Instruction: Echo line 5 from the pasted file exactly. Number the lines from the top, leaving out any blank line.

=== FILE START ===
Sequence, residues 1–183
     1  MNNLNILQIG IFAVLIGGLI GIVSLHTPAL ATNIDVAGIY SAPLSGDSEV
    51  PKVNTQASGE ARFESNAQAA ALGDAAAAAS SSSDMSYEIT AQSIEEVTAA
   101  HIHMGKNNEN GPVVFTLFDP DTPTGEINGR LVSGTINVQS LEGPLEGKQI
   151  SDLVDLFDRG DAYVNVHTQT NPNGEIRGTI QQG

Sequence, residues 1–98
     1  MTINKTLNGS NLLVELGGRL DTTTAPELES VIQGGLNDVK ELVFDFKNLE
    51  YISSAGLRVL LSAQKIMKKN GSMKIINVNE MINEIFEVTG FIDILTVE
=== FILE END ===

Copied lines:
   151  SDLVDLFDRG DAYVNVHTQT NPNGEIRGTI QQG